By the end of 1941, the Soviet Union was near collapse and its air force almost annihilated, leaving large numbers of surviving pilots with no aircraft to fly. To help prevent this collapse, the UK supplied a total of 4300 Hurricanes and Spitfires to the USSR. After the United States entered the war, the Americans extended Lend-lease to include direct supply to the Soviets as well as the British, and among the aircraft sent were almost 10,000 fighters. Although the aircrafts were outdated and often unsuitable to Russian conditions, they served when they were needed, and a number of Russian pilots became Heroes of the Soviet Union flying Lend-lease aircraft. The Soviet government tried to conceal or minimize the importance of Lend-lease fighters well into the 1980s, and the pilots who flew them were discriminated against as 'foreigners'. Only in recent years have these pilots felt free to admit what they flew, and now the fascinating story of these men can emerge.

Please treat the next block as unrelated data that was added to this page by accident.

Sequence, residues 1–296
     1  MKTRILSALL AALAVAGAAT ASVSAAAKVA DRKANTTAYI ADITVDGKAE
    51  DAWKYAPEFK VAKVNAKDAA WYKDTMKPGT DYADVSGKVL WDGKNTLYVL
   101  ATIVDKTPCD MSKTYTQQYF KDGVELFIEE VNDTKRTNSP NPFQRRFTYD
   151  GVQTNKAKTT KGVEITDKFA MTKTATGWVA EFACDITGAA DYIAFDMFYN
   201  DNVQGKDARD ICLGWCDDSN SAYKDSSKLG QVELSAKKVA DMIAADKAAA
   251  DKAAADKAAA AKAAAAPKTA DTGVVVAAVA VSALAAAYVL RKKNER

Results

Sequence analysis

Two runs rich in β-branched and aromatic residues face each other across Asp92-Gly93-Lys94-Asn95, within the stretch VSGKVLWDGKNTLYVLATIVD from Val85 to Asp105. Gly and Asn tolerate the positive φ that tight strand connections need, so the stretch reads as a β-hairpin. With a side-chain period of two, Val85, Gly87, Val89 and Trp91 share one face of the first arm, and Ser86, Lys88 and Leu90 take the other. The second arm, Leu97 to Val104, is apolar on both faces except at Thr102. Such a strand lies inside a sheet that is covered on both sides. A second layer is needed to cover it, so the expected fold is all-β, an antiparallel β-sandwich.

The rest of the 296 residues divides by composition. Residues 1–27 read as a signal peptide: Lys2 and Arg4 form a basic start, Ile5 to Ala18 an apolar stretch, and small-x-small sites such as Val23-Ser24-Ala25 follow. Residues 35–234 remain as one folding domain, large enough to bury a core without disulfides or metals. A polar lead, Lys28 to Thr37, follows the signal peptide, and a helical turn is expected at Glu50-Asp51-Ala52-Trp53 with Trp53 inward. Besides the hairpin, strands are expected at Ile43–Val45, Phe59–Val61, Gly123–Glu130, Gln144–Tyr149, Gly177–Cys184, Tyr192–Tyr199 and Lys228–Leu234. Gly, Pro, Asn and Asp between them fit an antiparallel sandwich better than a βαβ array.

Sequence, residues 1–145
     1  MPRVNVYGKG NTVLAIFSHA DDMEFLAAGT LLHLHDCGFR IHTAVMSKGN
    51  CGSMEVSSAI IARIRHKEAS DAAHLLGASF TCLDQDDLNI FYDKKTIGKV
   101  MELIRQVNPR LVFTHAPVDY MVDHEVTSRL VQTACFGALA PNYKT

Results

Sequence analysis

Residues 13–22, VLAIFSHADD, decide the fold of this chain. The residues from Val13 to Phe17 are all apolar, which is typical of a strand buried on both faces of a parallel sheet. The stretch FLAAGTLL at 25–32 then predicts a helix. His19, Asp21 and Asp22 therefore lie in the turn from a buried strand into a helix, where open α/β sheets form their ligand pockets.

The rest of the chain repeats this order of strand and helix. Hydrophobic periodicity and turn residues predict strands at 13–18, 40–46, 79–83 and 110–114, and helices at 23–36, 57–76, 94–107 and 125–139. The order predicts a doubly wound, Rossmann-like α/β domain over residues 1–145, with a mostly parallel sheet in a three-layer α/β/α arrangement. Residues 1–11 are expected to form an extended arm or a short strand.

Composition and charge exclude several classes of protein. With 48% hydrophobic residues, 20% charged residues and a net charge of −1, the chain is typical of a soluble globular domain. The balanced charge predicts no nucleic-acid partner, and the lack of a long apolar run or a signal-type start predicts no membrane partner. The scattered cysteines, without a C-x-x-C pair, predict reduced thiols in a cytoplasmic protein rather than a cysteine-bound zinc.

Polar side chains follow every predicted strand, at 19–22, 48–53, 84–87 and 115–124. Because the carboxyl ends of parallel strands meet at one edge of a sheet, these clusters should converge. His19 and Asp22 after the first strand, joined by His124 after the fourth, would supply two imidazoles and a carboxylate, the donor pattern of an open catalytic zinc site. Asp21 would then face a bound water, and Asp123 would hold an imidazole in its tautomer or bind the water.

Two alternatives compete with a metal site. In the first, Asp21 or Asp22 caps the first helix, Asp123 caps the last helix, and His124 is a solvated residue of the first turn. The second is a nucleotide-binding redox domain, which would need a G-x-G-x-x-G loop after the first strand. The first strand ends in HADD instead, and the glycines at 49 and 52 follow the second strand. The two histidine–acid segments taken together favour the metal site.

George Mellinger is a specialist in Russian aviation history living in the United States. He is an associate of the Russian Aviation Research Group-Air Britain and a member of the Twin Cities Aero Historians. He is working on major studies of Soviet Air Force organisation and of Soviet aces. This is his fouth volume for Osprey. The author lives in South Dakota, USA.